ISTANBUL -- Officially, when Mustafa Sarigul appears on the ballot as the main opposition candidate for Istanbul mayor, he will be battling incumbent Kadir Topbas for votes.
But when Sarigul talks about his competition he generally utters one name: Recep Tayyip Erdogan.
It comes up over and over again as Sarigul speaks to RFE/RL one March evening in his armored car, heading home following back-to-back meetings with local community leaders.
The Turkish prime minister knows losing the city in the March 30 elections could be devastating, Sarigul says: "If Istanbul decides, that means all of Turkey decides."
"He is afraid because in leadership surveys I am ranked second after him and he knows that if we get Istanbul, he and his whole campaign will be in danger."
Sarigul, the 57-year-old head of Istanbul's upper-middle-class Sisli district, is like almost everyone else here in his Erdogan obsession. And many see the nationwide municipal elections as a referendum on his rule.
Since February, when a YouTube user posted audio recordings
purporting to show the prime minister asking his son to hide up to $1 billion in cash, Erdogan has dominated Turkey's conversation.
And as the scandal has grown wider -- with new recordings a recurring event -- Erdogan, who has admitted to some of the content in the recordings but called others manipulated "montages," has fought back with a vengeance. He has fired thousands of police officers and placed an outright ban on Twitter. A court suspended the ban on March 26, but the following day Turkey's telecom authority upped the ante by ordering YouTube blocked.
Referendum On Erdogan
The elections will be the first in a 15-month cycle that will see a presidential election this summer and a parliamentary race in 2015. Municipal elections typically draw lower turnout than national races, but the divisions around Erdogan have made this contest different.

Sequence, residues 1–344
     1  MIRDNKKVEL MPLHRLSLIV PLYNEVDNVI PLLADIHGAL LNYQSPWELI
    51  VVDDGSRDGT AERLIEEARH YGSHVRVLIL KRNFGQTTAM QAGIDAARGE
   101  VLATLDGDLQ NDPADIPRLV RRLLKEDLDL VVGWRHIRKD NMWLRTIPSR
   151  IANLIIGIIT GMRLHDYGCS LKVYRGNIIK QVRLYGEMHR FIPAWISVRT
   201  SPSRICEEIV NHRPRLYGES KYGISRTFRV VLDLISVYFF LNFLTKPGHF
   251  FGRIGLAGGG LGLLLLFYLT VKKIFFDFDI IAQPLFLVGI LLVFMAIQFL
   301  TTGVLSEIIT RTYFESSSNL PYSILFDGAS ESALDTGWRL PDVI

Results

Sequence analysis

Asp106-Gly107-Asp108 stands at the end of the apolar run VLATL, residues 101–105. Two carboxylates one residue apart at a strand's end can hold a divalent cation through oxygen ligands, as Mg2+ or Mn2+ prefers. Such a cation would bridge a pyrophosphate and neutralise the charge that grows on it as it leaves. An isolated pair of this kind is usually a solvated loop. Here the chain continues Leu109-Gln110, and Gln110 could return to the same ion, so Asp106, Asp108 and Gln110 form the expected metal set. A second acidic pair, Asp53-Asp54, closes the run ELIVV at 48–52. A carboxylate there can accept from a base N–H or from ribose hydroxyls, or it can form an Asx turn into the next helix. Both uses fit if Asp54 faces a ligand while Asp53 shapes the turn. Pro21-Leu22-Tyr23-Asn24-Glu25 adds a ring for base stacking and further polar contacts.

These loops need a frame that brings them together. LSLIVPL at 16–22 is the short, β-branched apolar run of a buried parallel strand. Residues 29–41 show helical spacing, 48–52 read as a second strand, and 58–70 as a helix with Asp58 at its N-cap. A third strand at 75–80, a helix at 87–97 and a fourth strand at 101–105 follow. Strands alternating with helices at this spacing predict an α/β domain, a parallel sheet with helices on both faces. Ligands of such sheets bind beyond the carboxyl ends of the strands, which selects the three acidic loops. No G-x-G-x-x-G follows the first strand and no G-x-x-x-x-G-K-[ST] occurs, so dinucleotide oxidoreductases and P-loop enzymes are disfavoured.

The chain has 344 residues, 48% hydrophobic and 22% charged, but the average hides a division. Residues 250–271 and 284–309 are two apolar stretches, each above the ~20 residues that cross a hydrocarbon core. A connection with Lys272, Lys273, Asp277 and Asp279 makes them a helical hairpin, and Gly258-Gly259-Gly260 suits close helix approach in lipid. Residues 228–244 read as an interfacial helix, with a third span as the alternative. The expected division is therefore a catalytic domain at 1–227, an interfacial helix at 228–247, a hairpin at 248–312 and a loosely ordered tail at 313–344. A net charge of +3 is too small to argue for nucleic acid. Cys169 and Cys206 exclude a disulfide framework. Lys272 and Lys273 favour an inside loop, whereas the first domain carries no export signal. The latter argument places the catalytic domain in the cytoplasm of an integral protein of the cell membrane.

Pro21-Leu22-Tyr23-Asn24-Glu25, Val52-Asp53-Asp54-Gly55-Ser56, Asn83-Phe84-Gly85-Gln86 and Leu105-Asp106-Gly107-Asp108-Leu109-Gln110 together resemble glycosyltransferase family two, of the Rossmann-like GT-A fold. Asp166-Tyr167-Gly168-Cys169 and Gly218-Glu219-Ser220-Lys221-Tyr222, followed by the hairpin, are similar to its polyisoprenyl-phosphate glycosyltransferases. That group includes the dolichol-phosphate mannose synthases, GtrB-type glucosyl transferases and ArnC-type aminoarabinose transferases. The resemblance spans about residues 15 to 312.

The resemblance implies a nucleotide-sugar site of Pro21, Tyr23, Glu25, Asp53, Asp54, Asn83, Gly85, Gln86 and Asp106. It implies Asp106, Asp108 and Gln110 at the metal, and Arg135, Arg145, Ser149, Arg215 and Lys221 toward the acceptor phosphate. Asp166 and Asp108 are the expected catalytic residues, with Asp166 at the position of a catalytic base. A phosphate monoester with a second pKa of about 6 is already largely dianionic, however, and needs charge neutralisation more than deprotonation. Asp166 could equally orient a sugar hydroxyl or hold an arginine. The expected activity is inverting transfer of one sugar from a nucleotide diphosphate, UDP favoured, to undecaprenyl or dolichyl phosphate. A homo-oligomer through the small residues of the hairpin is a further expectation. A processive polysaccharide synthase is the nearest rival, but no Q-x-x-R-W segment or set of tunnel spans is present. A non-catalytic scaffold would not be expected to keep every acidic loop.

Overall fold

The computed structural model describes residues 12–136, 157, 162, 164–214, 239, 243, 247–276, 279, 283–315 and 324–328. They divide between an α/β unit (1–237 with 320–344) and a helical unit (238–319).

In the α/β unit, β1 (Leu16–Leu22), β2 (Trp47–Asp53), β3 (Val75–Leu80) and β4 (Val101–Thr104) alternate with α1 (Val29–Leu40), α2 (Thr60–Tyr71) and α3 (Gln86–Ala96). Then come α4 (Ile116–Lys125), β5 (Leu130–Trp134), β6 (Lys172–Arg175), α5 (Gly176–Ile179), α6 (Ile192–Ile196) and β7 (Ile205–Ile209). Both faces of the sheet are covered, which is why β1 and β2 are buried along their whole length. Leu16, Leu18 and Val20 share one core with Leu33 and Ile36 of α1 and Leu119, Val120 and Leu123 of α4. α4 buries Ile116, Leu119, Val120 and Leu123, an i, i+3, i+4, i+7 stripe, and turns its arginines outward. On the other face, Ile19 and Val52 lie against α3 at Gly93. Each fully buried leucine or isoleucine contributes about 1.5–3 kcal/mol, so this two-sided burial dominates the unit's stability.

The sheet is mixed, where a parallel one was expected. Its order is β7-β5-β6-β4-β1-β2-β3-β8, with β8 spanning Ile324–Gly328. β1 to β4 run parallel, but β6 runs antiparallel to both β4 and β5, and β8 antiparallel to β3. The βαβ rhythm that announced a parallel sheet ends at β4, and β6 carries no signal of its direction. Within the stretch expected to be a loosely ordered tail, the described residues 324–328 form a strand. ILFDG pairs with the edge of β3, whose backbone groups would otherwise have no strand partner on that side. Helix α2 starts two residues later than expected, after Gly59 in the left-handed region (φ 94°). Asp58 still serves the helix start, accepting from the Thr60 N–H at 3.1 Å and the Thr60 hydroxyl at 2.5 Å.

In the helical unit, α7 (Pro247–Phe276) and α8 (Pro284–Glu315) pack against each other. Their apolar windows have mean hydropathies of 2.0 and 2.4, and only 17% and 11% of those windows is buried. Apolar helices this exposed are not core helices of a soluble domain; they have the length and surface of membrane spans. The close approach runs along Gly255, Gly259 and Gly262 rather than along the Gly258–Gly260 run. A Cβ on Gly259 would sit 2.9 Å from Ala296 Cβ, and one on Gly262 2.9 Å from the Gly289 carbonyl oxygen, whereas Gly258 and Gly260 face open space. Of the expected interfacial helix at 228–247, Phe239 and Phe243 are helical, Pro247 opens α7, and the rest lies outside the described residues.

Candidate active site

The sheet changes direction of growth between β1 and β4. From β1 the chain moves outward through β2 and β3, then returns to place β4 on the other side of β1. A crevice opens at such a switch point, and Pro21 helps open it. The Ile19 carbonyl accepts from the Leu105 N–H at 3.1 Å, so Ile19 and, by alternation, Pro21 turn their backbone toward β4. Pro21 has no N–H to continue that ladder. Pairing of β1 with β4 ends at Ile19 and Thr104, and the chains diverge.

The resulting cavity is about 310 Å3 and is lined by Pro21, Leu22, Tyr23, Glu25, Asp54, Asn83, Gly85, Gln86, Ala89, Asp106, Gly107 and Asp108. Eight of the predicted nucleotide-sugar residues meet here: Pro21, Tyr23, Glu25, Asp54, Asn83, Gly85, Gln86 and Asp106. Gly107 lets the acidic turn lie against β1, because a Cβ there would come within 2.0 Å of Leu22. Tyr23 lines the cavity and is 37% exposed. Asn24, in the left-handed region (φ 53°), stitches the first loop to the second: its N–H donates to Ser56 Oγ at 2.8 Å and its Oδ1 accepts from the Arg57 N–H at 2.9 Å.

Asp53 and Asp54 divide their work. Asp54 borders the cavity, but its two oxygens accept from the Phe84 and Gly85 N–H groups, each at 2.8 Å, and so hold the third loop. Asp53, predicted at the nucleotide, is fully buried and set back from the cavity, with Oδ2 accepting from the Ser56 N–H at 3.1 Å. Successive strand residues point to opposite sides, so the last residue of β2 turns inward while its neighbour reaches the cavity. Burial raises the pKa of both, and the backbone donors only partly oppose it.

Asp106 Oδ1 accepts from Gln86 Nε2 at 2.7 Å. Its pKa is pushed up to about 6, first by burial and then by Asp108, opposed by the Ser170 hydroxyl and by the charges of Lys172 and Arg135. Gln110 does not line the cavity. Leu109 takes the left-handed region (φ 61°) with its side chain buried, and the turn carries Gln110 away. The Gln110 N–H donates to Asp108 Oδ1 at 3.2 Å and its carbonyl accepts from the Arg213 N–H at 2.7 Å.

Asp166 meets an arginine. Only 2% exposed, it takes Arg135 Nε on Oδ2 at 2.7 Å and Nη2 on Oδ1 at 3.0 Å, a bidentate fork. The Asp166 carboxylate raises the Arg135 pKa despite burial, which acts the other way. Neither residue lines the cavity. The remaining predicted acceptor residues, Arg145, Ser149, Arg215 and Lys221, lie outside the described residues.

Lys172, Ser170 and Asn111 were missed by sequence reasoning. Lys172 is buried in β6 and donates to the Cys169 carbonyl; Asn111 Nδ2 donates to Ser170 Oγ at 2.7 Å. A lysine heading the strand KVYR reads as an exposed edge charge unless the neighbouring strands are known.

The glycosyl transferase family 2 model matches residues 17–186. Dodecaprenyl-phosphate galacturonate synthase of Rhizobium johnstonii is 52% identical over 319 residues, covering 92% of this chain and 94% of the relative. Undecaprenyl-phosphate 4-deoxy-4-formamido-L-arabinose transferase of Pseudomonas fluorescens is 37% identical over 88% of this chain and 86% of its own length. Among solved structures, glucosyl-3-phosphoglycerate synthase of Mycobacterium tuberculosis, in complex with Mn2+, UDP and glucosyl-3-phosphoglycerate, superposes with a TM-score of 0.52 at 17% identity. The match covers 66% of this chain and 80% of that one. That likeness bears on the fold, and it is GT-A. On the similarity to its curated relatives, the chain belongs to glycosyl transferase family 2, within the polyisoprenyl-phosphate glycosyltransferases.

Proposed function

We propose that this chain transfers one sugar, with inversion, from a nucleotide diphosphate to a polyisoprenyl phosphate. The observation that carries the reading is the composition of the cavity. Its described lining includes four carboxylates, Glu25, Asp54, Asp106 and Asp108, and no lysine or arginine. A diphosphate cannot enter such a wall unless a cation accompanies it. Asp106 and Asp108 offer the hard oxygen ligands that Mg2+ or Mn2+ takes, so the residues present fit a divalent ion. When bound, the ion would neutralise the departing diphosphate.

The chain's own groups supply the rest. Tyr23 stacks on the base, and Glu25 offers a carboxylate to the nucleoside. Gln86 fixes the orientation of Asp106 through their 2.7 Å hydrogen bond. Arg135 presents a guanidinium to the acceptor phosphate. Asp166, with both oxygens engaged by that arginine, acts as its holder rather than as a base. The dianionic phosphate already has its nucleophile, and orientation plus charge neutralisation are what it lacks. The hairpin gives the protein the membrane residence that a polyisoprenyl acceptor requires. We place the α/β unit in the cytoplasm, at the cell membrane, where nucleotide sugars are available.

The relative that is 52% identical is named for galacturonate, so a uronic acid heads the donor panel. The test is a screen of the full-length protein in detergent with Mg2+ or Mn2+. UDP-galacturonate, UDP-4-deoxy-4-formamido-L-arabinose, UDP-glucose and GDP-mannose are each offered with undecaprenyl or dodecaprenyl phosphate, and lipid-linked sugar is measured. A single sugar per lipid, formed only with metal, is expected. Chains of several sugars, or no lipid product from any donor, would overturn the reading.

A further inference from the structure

"They are probably one of the most consequential elections we've had since 1950," says Soli Ozel, a professor at Kadir Has University in Istanbul.
Istanbul is the biggest prize and it carries particular significance for Erdogan, who launched his political career as mayor of the city in the 1990s.
Sarigul appears to be within striking distance of Topbas, who still maintains a small lead in recent opinion polling.
But Turkey has seen widespread economic growth in Erdogan's 11-year tenure and the prime minister remains the country's most popular politician.
In the working-class neighborhood of Kasimpasa, where Erdogan himself grew up, Naji Kochan, a 75-year-old pensioner who sells wares in a local square for extra cash, says his standard of living has vastly improved since Erdogan's Islamist-rooted Justice and Development Party (AKP) took over. He is unswayed by recent revelations.
"The corruption and bribery operation was to debunk AKP," he says. "I don't think people here in Kasimpasa will believe this lie. People will vote for truth."
At an Istanbul rally a week before the election that drew hundreds of thousands of attendees, Erdogan hammered home that theme, using his decision to block Twitter as evidence of his efforts to battle against misinformation.
"We said we would close down Twitter. Some media outlets attacked us, saying this is against freedoms. Whoever will argue against it I won't listen," he said to his roaring supporters. "Even if the whole world stands against us, we have to take precautions against all kinds of threats against the national security and safety of the country."
Erdogan's Twitter shutdown caused bemusement among Turkish Internet users, many of whom immediately found alternative means to access the site.
But the action may have less to do with censorship than with Erdogan's divide-and-conquer political strategy.